The Daily Telegraph, London is a newspaper owned by the Barclay Brothers. It is a «broadsheet», and perhaps the best quality newspaper in Britain -The Times, the newspaper of Murdoch and Aznar is a kind of Sun, with pretentions. It is very useful to own a newspaper if you are an speculator in real estate, you can always pull your rivals down without appearing to do so.
Banco de Santander, the second biggest bank in Europe -an obvious rival of Barclays- recently bought Alliance & Leicester, a bank that started life in 1860. In 1860 Spain was in one of its civil wars with the Basques, if memory doesnt’t fail me. Or had been. Or would shortly be again. In any case that a Spanish bank now buys British banks is amazing and not only for the British.
The Barclays’ Telegraph of late prints these Spanish stories with great joy.
Spain drops reassuring gloss as crisis deepens
Barclays’ Telegraph By Ambrose Evans-Pritchard
Spain’s finance minister Pedro Solbes has stunned the markets with an admission that his country faces the worst economic crisis in its history as the full effects of the property crash spread through the economy.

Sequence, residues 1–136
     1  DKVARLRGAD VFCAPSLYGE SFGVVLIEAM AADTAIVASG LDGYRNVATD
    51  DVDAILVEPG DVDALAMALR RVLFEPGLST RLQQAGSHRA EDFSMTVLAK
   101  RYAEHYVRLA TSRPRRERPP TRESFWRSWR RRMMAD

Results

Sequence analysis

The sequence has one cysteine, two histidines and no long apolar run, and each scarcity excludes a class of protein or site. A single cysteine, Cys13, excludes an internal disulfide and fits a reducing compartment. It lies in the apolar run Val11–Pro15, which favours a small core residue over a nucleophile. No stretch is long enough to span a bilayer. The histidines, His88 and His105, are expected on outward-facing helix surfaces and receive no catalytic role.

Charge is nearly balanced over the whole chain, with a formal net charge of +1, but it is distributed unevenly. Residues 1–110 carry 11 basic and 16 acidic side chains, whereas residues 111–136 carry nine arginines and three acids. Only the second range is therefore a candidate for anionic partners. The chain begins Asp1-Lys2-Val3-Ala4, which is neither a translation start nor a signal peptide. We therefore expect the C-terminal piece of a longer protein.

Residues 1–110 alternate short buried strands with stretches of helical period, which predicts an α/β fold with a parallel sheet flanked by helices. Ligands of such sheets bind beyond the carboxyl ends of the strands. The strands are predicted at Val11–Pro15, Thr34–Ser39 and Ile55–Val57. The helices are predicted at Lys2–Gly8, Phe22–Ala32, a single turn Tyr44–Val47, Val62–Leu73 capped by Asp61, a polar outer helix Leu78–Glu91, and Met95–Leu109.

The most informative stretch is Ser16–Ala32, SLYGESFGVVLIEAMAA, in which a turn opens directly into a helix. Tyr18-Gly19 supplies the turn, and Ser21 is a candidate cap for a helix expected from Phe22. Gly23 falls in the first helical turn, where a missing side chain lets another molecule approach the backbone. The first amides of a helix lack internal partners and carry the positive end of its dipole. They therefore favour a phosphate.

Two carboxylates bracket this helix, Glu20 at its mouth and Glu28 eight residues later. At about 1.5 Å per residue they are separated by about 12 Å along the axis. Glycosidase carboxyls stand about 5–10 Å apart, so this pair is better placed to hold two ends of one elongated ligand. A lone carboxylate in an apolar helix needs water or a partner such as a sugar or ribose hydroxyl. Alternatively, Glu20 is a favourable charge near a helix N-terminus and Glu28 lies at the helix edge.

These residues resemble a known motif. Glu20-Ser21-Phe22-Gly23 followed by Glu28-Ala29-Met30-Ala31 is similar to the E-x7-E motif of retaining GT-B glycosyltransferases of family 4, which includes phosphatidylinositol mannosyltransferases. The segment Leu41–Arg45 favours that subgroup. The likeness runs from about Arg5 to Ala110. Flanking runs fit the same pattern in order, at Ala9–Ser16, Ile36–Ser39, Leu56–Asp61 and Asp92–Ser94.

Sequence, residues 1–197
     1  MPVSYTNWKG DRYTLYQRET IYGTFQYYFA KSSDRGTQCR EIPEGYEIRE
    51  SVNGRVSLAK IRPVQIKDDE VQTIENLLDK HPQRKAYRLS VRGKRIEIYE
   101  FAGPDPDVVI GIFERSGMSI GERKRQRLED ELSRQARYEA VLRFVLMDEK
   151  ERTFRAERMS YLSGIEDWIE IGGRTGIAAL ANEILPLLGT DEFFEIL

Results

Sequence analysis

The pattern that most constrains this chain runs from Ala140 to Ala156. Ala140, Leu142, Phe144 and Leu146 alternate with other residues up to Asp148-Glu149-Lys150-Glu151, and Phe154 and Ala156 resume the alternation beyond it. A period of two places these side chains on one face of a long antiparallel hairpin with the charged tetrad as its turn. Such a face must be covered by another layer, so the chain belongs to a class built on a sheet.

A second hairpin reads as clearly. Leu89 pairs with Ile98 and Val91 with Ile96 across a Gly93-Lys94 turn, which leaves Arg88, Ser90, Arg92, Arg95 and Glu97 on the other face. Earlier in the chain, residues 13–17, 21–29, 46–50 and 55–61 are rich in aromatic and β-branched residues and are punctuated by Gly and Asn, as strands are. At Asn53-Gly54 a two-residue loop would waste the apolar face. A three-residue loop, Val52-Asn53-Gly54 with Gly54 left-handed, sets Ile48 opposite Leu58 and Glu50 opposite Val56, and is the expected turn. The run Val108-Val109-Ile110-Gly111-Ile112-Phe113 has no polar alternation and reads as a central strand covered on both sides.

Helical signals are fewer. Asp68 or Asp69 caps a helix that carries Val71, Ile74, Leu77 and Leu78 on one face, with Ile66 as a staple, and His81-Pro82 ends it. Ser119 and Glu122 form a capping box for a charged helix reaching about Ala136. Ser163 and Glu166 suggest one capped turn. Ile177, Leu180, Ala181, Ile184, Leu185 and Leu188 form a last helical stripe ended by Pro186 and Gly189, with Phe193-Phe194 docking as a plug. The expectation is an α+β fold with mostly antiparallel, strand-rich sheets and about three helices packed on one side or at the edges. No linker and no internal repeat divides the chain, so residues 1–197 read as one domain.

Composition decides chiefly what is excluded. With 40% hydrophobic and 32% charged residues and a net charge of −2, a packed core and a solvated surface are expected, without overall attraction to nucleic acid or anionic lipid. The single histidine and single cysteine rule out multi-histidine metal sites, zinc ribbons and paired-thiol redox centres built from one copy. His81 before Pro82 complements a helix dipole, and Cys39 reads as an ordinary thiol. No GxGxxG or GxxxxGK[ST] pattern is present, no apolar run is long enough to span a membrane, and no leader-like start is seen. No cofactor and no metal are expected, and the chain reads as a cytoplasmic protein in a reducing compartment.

«This crisis is the most complex we have ever lived through given the plethora of factors on the table at the same time,» he told Punto Radio in Madrid, breaking with past efforts to put a reassuring gloss on events.
Mr Solbes said the Madrid bourse had suffered an «earthquake», crashing 27pc since the start of June. He blamed the toxic cocktail of high oil prices, the global credit crisis and the sharp slowdown in the key export markets of North America and Germany.
The comments follow this week’s bankruptcy of Martinsa-Fadesa, Spain’s biggest corporate failure. The property developer – with an empire of housing estates, hotels, shopping malls and hotels – collapsed after failing to refinance €5.1bn (£4bn) of debts. The company’s demise was a textbook story of aggressive over-expansion at the top of the cycle, driven by high debt gearing. It has €11bn of assets.
It is a likely story. With €11 thousand million in assets they couldn’t raise a measly 150 million, being backed by the likes of Banco Popular – the bank of the Opus Dei.
Martinsa-Fadesa could have sold a building or one of their hotels and get a lot more than 150 million.
Crooks, I tell you.
Don Ambrosio ends his story with references to Phillip II and the religious wars in the Europe of the sixteenth century. They still haven’t gotten over 1588.